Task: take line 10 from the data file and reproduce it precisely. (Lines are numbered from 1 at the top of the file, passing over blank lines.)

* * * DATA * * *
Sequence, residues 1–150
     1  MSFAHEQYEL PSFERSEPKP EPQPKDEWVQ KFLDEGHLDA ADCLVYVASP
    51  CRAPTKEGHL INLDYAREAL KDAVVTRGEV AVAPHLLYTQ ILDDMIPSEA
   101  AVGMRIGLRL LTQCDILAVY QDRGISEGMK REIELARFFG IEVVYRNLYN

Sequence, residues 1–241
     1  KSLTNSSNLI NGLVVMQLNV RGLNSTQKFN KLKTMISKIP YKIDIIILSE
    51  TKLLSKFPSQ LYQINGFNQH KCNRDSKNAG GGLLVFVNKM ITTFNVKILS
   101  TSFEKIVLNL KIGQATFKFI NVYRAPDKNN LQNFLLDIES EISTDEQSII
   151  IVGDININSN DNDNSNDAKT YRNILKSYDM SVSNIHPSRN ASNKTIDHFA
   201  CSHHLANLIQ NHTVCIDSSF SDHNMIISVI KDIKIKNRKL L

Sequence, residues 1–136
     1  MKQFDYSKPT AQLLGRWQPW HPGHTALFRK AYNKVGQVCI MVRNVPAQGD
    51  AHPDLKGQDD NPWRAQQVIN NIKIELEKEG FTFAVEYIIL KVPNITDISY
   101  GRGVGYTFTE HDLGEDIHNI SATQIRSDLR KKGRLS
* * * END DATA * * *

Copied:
   201  CSHHLANLIQ NHTVCIDSSF SDHNMIISVI KDIKIKNRKL L